We had pulled out into the Iraqi desert for the night, scouting out a wadi far from town and hopefully also far from any night ambushes or IEDs. After we coiled the vehicles, each vehicle commander set to securing the humvees for the night as the Marines made sleep arrangements either in the vehicles, on their hoods, or dug into holes (ranger graves) around the trucks. Only a few of us had tents.
Comer, one of my vehicle commanders, directed his Marines to restow all the gear in his truck, which most of them began promptly. Wilber, his assistant gunner, had deposited half-empty Gatorade bottles and opened MRE snacks everywhere around his seat. Comer, already irritated about being wet, cold, and now about to hunker down for the night in a squalid, desolate wadi in the middle of nowhere, started yelling when he spotted the trash. As the gunner standing in the turret, he hadn’t observed it earlier.
“Wilber, clean this shit up before I kill you! Can’t you FINISH a drink before cracking another? God, you’re a slob!”
In his slow, Georgian mountain accent, Wilber mumbled something about there being no need to yell, and began apathetically picking up the trash strewn about his seat. He had never understood that silence was often the best course of action. He felt compelled to retort, in his own way.
“Corporal Comer, the Bible talks about us not using profane language,” he drawled. “We’re not supposed to use no harsh language.”
“Oh yeah? What does the Bible say about being too freakin’ lazy and irresponsible to clean up after yourself? Isn’t there something about the merits of hard work?” Comer was accustomed to these one-sided debates. Wilber always grew flustered and gave up – mostly because he couldn’t think of a retort to somebody quoting scripture right back at him.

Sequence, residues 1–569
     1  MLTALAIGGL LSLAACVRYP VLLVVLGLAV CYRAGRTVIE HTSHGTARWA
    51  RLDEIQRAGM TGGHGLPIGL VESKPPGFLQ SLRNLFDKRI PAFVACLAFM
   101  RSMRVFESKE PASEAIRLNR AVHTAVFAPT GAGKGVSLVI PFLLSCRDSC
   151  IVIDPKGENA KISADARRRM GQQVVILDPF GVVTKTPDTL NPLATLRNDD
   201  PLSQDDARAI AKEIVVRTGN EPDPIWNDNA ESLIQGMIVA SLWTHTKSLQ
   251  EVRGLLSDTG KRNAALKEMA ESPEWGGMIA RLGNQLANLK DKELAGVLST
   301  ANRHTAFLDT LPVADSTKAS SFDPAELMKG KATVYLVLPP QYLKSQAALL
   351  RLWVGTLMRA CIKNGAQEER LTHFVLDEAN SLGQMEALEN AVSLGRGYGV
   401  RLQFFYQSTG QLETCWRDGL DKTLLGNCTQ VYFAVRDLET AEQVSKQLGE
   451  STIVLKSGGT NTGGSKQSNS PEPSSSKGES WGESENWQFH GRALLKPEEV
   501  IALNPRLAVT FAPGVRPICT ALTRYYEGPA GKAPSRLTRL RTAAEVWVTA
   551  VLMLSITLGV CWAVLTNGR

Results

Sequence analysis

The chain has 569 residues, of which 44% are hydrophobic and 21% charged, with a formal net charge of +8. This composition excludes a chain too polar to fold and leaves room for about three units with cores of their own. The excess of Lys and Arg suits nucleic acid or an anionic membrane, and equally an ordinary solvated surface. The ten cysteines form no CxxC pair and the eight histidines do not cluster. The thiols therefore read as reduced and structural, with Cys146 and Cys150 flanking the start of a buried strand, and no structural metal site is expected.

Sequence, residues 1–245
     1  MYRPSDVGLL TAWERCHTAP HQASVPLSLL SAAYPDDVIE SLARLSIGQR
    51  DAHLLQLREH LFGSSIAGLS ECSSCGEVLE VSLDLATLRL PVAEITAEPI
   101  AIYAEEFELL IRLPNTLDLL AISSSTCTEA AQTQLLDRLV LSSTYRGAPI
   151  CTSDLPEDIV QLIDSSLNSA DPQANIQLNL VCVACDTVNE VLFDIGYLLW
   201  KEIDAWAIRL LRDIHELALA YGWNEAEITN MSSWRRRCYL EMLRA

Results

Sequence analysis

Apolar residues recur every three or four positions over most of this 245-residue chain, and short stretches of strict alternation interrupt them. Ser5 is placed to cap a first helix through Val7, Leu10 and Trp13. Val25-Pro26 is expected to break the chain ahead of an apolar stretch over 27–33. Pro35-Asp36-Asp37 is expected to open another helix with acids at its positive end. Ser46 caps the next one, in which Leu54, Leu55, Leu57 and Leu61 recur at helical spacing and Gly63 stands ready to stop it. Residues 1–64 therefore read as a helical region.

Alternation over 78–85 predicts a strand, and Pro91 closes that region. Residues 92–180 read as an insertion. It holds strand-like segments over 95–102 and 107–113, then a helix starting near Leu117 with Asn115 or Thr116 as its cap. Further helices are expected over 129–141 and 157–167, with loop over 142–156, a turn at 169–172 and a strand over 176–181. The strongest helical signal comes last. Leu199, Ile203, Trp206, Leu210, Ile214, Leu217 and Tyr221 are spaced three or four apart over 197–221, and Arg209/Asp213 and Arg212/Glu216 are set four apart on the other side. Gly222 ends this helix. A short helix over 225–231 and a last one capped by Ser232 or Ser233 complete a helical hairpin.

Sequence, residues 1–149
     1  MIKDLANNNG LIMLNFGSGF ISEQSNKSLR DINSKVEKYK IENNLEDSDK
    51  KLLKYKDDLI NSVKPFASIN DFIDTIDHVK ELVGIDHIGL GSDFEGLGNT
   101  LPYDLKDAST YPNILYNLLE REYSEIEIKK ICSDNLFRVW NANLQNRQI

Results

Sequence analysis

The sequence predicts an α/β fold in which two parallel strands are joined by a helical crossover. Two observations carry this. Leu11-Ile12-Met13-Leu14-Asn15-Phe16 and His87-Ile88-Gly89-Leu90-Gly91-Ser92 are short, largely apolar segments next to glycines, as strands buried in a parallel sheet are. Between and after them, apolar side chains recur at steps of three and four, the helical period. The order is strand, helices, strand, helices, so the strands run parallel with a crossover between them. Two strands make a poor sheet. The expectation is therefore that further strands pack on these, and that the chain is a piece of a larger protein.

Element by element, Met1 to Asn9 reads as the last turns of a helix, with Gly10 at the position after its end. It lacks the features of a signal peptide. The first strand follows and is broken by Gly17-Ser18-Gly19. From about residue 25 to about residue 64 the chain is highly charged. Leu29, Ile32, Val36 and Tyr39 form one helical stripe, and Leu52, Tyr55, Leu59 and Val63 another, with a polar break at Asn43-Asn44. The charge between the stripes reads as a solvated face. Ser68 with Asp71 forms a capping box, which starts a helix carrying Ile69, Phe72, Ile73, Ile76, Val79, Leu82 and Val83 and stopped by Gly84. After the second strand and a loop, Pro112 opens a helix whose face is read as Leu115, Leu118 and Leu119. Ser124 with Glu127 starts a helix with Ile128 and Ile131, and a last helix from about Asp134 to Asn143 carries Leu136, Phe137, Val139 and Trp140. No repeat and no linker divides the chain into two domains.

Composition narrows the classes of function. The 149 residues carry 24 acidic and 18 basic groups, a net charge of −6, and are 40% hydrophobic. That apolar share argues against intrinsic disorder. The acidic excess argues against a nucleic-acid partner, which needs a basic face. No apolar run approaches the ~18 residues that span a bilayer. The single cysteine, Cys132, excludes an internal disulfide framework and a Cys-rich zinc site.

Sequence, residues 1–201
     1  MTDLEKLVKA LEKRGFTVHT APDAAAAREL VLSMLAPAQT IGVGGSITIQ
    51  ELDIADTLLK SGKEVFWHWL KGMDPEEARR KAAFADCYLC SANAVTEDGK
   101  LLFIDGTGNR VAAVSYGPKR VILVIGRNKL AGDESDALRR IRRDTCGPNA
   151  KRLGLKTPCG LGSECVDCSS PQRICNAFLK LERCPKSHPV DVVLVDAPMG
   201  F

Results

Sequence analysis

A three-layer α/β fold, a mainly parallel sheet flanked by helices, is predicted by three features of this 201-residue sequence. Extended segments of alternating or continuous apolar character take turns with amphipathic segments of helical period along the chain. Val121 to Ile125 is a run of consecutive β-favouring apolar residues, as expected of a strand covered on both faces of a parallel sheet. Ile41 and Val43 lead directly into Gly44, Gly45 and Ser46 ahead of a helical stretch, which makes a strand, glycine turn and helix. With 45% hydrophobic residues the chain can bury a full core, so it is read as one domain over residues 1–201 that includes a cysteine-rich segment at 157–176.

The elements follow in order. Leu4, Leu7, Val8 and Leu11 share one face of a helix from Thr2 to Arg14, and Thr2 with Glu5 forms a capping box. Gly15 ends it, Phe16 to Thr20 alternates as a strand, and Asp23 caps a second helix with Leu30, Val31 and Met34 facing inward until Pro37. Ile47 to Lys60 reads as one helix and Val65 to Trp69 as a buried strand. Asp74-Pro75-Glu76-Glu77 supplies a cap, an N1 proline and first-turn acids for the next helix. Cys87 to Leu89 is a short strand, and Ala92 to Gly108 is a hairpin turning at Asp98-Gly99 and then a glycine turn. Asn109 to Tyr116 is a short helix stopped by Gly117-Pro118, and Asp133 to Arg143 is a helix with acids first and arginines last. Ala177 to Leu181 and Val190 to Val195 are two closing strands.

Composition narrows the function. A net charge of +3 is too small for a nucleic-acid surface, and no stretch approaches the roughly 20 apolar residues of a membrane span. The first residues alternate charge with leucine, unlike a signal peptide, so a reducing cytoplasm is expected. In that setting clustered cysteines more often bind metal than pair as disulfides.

Comer continued. “In fact, Wilber, you have said more than once that you feel Jesus called you into the Marines to evangelize us unwashed masses, but what’s your excuse? You’re the most worthless Marine I’ve ever been in charge of. Actually, I think you were sent by the DEVIL to beguile me. You’re not doing God’s work, you’re working for Satan and you’re too damn stupid to know it.”
Wilbur twitched like he’d just swallowed a mouthful of vinegar. His lips curled into a momentary sneer, and he closed his eyes. He turned his head upwards and stretching his arms towards Comer, he began to speak.
“In the name of JESUS, come OUT of this MAN!! Get behind him, Satan! Get out of his heart and liberate his spirit. Demon, you hold no power over him, or this earth, or over God. In the name of God, get out of him!” He slumped into the humvee seat and bowed his head.
Comer stood motionless, dumbstruck. “Did you just exorcize me, you asshole?”
Wilber, head still bowed, breathing hard, said nothing. Comer went to find me and apprise me of the situation.
As he recounted his apparent exorcism of a demon he was unsure he had, our platoon commander took a break from digging his ranger grave and walked over. “Sergeant Shaw, what’s going on here?”
I explained the situation: in an act of evangelical inspiration, our good friend Lance Corporal Wilbur, fighting through a thick twang, had banished the demons from Corporal Comer – demons none of us were aware he possessed. The young officer stared at me with a blank look. He turned to Comer; “are you okay, Corporal Comer?”
“I think I’m just fine, sir.”
“Okay.” He heaved his E-tool shovel and started wandering back to his ranger grave.
“Sergeant Shaw, you need to tell me these things,” he called back.
“Tell you what, sir?”
“That we have a prophet in our midst.” He resumed digging.
As I told my sister this story, she frowned and asked me an excellent question: “Do they have some sort of IQ test you have to pass to get into the Marines?”
The answer, unfortunately, is no.
Copyright © 2009, Ben Shaw All Rights Reserved